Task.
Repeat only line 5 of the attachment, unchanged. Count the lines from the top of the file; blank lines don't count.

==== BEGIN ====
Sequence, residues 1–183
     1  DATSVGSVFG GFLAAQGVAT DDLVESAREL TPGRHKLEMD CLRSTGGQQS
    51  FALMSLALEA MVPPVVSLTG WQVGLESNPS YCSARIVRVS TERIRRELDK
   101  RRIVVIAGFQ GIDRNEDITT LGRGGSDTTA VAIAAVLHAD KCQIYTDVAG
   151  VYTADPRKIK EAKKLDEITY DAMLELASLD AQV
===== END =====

   151  VYTADPRKIK EAKKLDEITY DAMLELASLD AQV